GOL’s uncertain future due to the maturity of a 300 million dollar debt: Will Delta have to bear the cost?

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Delta Air Lines faces a new headache in Latin America as Monday’s deadline approaches for former partner GOL to repay a $300 million loan of which the U.S. company is a guarantor.

If GOL fails to pay, which rating agencies say is likely, Delta would have to assume the debt on behalf of the Brazilian airline under the five-year agreement. But like GOL, Delta – which said in July that it was burning $27 million a day – has little to spend because of the coronavirus pandemic.

The problem with GOL is only the latest challenge for Delta, whose investments in Latin America, once seen as a growth area, failed because of Covid-19.

Delta’s 49% stake in Aeromexico and 20% in Latam Airlines is at risk of being diluted or turned into dust as both airlines are in restructuring due to judicial recovery or bankruptcy.

For GOL, the maturity of the Delta-backed loan occurs in the midst of a severe cash crisis. The loan was granted by unidentified private investors.

«GOL faces constant cash burns with no possibility of refinancing,» said Amalia Bulacios, who covers GOL for S&P, which classifies its debt as CCC-.

On Monday, before paying off the loan, GOL could have only R$1.6 billion (US$288 million) in cash, Reuters calculated. The calculation is based on the airline’s cash and cash equivalents and net investments as of June 30, less expected cash consumption of R$3 million (US$540,000) per day.

«There are three business days left before the deadline and the company is very calm; it is not clear if negotiations are ongoing,» said Bulacios.

GOL and Delta have not confirmed whether negotiations are taking place. A source familiar with the issue said that negotiations are taking place.

The situation is similar to that of Colombia’s Avianca in May, when it filed for bankruptcy due to the next day’s debt repayment deadline. But analysts said GOL’s restructuring needs are much simpler than Avianca’s and can occur outside of court.

But last minute money collection seems unlikely. Although the Brazilian government offered GOL R$2 billion (US$360 million) in loans, two sources said the money will not be delivered unless the airline manages to postpone its debt. Brazil wants the funds to be used for the airline’s operations, not to reimburse creditors.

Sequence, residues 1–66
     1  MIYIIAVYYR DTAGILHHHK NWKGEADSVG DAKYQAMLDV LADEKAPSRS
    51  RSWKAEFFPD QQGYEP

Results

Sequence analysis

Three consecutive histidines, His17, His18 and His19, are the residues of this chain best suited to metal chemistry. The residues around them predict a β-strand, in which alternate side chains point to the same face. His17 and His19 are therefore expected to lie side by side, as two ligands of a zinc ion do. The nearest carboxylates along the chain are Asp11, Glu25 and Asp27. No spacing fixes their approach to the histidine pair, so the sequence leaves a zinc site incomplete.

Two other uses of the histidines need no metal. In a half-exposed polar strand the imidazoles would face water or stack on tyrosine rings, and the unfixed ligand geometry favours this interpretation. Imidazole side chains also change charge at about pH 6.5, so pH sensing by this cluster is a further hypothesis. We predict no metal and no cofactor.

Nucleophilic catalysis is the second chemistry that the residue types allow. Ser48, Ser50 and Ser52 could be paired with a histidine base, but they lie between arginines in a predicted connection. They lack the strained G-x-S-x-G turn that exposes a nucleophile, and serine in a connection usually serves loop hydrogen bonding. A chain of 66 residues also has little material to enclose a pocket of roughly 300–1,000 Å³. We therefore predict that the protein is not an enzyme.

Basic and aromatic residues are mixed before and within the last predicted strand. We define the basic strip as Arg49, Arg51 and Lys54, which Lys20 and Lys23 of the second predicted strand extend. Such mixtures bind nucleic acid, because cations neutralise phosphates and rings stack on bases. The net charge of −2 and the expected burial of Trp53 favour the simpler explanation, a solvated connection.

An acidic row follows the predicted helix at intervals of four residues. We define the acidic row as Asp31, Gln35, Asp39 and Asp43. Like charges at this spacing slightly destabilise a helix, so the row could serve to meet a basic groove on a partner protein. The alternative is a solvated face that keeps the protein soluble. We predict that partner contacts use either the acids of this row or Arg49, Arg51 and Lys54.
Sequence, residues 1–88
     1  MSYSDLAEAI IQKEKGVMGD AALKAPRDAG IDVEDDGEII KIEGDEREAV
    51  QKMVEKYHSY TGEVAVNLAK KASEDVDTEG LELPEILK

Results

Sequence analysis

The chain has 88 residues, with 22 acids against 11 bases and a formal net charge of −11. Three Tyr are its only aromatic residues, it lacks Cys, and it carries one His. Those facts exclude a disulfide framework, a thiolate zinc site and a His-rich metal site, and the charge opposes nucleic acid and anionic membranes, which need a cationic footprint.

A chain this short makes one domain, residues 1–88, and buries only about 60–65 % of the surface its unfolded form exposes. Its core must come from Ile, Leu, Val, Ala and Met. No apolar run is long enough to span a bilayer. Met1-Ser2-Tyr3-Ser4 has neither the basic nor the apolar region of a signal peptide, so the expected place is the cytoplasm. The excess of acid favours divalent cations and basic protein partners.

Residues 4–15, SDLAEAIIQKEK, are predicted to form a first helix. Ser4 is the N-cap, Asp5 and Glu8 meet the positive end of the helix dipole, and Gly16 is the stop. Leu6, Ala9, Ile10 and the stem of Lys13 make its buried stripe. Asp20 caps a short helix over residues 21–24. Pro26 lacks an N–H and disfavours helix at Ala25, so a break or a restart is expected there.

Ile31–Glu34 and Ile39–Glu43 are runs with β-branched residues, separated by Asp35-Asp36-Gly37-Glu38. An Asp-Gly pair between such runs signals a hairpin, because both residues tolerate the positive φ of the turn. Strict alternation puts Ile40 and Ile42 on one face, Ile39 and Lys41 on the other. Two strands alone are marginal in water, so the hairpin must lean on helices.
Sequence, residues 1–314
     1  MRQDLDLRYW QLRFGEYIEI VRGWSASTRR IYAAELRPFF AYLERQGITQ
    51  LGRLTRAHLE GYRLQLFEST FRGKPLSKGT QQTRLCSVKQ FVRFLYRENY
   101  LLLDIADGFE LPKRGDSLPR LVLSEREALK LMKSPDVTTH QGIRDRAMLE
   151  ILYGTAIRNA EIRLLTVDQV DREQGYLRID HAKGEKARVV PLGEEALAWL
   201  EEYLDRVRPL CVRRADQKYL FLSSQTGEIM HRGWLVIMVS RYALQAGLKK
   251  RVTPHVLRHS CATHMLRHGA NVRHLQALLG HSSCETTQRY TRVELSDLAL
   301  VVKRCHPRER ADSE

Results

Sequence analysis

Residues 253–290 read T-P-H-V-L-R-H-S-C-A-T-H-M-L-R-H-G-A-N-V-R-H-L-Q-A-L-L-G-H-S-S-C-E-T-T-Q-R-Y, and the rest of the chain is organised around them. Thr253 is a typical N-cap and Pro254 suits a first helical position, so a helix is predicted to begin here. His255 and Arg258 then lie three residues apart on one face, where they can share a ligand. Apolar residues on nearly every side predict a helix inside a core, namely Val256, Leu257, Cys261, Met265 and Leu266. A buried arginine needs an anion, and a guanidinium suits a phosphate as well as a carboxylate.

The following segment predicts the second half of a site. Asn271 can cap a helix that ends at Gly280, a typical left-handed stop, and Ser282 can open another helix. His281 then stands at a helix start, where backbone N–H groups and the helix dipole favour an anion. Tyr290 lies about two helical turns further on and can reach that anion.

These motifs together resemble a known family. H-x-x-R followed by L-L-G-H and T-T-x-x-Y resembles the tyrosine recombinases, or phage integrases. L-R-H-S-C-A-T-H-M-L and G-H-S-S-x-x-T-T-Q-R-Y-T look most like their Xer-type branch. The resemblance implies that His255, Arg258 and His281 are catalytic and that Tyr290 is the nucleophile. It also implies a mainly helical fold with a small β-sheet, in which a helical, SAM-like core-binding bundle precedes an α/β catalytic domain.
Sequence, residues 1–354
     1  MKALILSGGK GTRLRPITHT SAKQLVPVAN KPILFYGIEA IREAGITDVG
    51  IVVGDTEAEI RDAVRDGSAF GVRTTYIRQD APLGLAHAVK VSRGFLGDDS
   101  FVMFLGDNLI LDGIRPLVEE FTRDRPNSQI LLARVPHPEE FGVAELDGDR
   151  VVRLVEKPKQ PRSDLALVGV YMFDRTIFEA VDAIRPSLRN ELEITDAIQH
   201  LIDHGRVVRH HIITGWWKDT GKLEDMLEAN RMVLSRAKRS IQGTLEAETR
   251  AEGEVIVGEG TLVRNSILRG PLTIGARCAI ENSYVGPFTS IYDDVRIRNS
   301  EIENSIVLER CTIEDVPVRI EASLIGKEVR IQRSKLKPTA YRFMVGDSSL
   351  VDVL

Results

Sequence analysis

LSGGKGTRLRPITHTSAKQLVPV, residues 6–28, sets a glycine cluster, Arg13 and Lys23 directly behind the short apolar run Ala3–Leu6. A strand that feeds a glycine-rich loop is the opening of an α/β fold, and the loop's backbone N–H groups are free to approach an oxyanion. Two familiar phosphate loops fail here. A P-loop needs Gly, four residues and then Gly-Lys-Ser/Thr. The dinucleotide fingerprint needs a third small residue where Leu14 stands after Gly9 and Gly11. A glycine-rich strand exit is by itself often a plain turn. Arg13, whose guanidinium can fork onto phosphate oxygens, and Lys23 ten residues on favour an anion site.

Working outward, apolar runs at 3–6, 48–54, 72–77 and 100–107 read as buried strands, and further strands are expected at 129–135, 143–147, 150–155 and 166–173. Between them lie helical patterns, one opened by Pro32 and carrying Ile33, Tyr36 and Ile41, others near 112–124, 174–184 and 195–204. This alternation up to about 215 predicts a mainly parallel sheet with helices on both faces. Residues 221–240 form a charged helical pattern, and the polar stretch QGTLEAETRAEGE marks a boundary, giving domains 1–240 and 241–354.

Meanwhile, GOL executives acknowledged last month that the airline has little prospect of raising new capital. «There’s a certain aversion to Brazil, a certain aversion to airlines, so we’re in the middle of that,» GOL Vice President of Finance Richard Lark said in a conference call about results.

GOL’s debt problems show how quickly the coronavirus changed the balance sheets of airlines around the world. For years, the company underestimated the importance of the $300 million loan. Executives said they would not only pay it back in full, but would do so before the deadline.

On February 25, even as the pandemic devastated Asia and Europe, a GOL presentation said the airline «had no relevant maturities in the next five years. Now, GOL’s future is at stake because of the seemingly insignificant maturity of the loan.

Delta, which has been expanding around the world by buying from other operators, injected US$56 million into GOL in 2015 and obtained the US$300 million loan. At the time, GOL executives said they could not have increased the debt without Delta’s support.

Delta sold its stake in GOL in 2019 to buy a stake in its Latin rival, but kept the loan guarantee. If GOL fails to make payment, Delta will have the option to have the Brazilian airline participate in the Smiles loyalty program company that guaranteed the loan.

But Gol’s stake in Smiles is worth only R$954 million (US$171 million). And the loyalty program has little strategic value, since Delta switched from GOL to Latin America.

«If Delta does this, it will strangle GOL’s cash, jeopardize the survival of the Brazilian airline and become a shareholder of Smiles, a company that needs GOL to succeed,» said Ricardo Fenelon, a former director of Anac. «It doesn’t make sense».

By Reuters – America Economía